Nutrition and Soil Quality
Plants convert sunlight into chemical energy (sugar) through the process of photosynthesis. While this provides plants with the metabolic power (ability to build up molecules) they need to grow and maintain themselves, they also need nutrients to perform various functions. These nutrients are called essential elements and are classified into two main categories:
- macronutrient: a nutritional element, such as nitrogen and potassium, plants need in quantities greater than 1 milligram per gram of mass of the plant
- micronutrient: a nutritional element, such as copper and iron, needed by plants in quantities less than 1 milligram per gram of mass of the plant
Many of these elements are components of the organic molecules needed by plants to carry out protein synthesis and photosynthesis. These include proteins, lipids, and carbohydrates. If the building blocks for these molecules are not present in a plant's "diet," the plant will not be able to carry out many functions.
Functions of Essential Elements in Plants
|Essential Element||Major Function||Amount Found in Plants|
|Nitrogen||Building blocks of proteins and nucleic acids||15 g|
|Phosphorus||Found in ATP, nucleic acids, cell membranes||2 g|
|Sulfur||Parts of proteins and coenzymes||1 g|
|Potassium||Regulates water balance, stomata actions||10 g|
|Iron||Electron carriers in redox reactions||0.1 g|
|Copper||Electron carriers in redox reactions||0.006 g|
Nutrition and Soil Quality
Plants can suffer from deficiencies of these nutrients. For example, a plant not getting enough nitrogen will show yellowing leaves and may die prematurely. A plant with a zinc deficiency produces young leaves that are abnormally small and its existing leaves show dark, dead spots. If soil is poor in these nutrients, fertilizers can be added to the soil. Fertilizers contain many of the missing nutrients that, once added, can help the plants grow healthy. Many farmers rely on these fertilizers in order to grow crops. Wild plants will not grow where nutrient content in soil is poor, but agriculture causes the same plants to grow in the same soil again and again. Over time, the nutrients are depleted in the soil. Adding fertilizer restores these nutrients, as does leaving a field fallow, meaning that no crops are planted on it for one or more seasons, which allows the nutrients to build back up in the soil. The layer of dead plants and animals found in the upper levels of soil that provides nutrients to plants is called humus.
Plants obtain the nutrients they need from the soil by forming as much surface area as possible on their roots. Roots grow tiny hairs to ensure that even more root surface comes into contact with nutrients. Plant roots can grow very deep into soil in search of nutrients. Roots have been observed growing as deeply as 60 meters below the soil in desert plants such as species of acacia and eucalyptus.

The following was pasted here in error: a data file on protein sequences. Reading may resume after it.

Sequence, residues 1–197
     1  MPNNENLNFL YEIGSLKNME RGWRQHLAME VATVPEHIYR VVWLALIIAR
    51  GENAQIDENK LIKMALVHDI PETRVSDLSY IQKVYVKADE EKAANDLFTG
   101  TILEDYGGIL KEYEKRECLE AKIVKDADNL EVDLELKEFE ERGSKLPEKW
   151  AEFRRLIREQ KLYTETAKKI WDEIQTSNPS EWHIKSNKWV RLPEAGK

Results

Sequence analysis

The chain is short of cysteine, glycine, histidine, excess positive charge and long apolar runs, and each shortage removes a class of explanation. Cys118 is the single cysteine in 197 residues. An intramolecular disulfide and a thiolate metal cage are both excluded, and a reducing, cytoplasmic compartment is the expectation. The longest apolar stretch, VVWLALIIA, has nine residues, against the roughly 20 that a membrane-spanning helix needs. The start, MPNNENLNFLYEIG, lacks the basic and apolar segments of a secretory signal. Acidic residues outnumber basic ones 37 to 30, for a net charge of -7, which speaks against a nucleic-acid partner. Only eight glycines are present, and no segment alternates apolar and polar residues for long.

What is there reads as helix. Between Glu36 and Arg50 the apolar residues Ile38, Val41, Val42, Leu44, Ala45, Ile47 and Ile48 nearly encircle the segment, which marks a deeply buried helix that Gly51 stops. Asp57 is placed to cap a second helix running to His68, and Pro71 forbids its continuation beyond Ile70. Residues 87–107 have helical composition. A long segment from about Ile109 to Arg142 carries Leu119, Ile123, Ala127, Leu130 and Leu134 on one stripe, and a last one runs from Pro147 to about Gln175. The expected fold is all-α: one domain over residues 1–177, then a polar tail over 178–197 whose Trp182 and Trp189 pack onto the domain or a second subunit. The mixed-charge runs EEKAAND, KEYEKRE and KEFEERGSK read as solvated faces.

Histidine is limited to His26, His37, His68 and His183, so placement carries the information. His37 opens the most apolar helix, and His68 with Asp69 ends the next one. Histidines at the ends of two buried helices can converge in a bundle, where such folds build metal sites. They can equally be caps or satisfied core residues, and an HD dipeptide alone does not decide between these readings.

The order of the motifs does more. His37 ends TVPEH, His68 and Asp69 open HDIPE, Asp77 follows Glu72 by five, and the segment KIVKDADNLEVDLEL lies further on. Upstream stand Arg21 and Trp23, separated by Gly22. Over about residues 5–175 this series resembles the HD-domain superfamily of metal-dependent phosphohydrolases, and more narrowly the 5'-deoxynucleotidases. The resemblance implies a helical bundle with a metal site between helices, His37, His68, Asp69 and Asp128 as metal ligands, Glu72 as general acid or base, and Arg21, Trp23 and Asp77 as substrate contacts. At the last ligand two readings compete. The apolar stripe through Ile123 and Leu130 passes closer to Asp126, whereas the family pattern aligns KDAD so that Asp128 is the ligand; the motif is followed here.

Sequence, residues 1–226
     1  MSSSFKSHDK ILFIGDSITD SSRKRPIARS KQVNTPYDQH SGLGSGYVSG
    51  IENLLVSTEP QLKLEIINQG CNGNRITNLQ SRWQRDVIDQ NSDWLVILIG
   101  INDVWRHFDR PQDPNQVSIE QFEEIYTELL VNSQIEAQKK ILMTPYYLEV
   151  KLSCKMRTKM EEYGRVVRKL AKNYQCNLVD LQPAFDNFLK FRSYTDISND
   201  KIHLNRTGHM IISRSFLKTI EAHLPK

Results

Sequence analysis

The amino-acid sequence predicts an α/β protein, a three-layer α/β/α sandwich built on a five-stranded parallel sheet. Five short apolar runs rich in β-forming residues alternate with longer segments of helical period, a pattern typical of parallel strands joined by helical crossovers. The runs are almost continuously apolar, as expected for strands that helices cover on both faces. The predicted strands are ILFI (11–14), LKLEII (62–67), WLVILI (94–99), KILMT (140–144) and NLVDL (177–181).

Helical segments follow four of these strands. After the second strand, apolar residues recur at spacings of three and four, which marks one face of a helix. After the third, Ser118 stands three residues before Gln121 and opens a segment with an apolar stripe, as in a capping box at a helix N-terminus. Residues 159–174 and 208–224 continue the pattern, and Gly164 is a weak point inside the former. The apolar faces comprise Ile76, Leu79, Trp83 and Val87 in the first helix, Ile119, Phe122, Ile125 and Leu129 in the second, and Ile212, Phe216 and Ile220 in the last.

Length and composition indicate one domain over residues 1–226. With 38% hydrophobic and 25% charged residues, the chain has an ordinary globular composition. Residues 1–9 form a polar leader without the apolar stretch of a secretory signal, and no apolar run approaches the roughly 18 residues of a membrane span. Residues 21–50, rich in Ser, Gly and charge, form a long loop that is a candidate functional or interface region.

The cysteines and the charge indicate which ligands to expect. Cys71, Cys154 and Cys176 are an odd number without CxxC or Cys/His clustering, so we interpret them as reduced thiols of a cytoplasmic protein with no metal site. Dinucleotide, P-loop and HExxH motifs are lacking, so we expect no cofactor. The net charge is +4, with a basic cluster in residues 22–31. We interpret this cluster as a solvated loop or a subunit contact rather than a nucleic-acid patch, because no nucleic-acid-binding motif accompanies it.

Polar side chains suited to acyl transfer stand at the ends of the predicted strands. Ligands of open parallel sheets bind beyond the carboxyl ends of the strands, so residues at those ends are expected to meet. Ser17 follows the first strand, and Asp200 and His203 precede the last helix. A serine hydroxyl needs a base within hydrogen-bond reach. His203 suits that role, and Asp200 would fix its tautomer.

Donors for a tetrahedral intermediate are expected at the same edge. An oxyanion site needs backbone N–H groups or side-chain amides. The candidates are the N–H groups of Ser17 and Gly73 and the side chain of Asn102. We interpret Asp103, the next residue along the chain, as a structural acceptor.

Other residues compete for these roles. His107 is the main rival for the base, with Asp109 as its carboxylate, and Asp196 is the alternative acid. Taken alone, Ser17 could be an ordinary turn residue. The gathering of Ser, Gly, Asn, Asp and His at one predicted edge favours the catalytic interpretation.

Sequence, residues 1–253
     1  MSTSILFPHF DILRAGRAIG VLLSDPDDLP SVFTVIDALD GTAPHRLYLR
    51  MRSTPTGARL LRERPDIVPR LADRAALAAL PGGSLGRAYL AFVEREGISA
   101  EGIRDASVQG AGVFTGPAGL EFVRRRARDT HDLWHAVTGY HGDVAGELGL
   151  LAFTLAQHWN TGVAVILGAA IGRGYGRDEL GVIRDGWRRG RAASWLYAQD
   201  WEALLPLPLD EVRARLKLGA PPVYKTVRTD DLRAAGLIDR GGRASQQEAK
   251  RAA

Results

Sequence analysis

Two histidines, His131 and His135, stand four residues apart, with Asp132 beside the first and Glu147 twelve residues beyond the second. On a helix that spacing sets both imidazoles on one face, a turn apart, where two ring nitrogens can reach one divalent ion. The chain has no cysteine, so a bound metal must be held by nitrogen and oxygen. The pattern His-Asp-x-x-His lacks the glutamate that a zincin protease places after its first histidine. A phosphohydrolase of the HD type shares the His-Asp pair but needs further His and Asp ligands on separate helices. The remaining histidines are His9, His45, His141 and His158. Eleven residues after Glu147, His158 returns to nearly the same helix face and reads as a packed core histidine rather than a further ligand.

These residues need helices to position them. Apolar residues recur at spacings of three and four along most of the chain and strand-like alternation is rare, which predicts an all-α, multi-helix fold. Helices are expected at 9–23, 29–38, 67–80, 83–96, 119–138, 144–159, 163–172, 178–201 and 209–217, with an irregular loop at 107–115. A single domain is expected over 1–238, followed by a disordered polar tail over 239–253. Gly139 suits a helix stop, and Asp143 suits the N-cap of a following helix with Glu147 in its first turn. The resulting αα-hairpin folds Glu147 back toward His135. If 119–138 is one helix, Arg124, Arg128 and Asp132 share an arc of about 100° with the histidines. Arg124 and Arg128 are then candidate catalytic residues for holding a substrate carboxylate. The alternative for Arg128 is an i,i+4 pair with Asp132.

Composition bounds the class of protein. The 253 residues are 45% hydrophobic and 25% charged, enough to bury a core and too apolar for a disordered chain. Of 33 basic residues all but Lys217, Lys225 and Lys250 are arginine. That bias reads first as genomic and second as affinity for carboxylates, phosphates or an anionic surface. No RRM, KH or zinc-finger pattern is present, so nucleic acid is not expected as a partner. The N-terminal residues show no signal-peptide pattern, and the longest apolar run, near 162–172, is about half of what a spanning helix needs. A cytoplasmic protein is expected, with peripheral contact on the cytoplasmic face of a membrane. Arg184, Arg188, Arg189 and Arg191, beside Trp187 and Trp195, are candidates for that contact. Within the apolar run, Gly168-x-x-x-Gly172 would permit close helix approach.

Formation of Soil
Good soil is essential for the proper growth of plants. This is because it provides not only a place for the plant to anchor itself but also a source of nutrients and water, as well as oxygen for root respiration. Many of the bacteria living in the soil are beneficial to the plants. They are called plant growth-promoting rhizobacteria (PGPR). Soil must have the correct amounts of minerals and elements for it to be useful to plants. For example, too much cadmium or lead can inhibit growth and degrade plant tissues.Soil is formed as rock weathers. The continuous wetting, freezing, and drying of rock causes it to break apart. This is called mechanical weathering. Soil can also be formed through chemical weathering. In this process, the rocks are broken apart through chemical means, such as acid rain or oxidation (e.g., rusting) from oxygen in the air. How rocks are degraded into soil determines which minerals and elements they contain. For example, clay is often formed from chemical weathering. This soil type is loaded with negatively charged elements. These bind to elements with a positive charge, making it more difficult for plants to absorb them through their root membranes. To compensate for this, some plants have root hairs with special transport molecules on their surfaces that pump protons out of the cells. Soil may be composed of large particles (sand) or tiny ones (clay), neither of which are ideal for plant growth. Sandy soil contains a great deal of air and very little water, making it difficult for roots to take hold and obtain proper nutrients. Clay contains very little air and a great deal of water, and it is very dense, which also stifles root growth. Loam, made of particles larger than clay but smaller than sand, allows for the proper mixture of both air and water and is ideal for most plants. A soil's water content can also affect plant growth. In soil with very high water content, nutrients may be too dilute for many plants, whereas soil with too little water will cause plants to wilt. Soil exists in layers, with the newest soil at the top and the oldest soil at the bottom. Decaying organisms are high in nitrogen, an essential element plants need to grow. These decaying remains, called humus, can be found in the upper layers of the soil. The top layer is called the surface horizon. Although there is a great deal of organic matter here, much of it is not yet decayed enough to be useful to plants. The subsoil is the layer below the surface horizon and consists of rich humus. Below the subsoil is the substratum, which may also contain humus and frequently has higher water content than the upper layers. Plant roots grow into the subsoil and substratum to find water and nutrients. Bedrock, which is not soil, is found below soil layers. Plants cannot grow in bedrock because the particles of it are too close together and roots cannot penetrate it.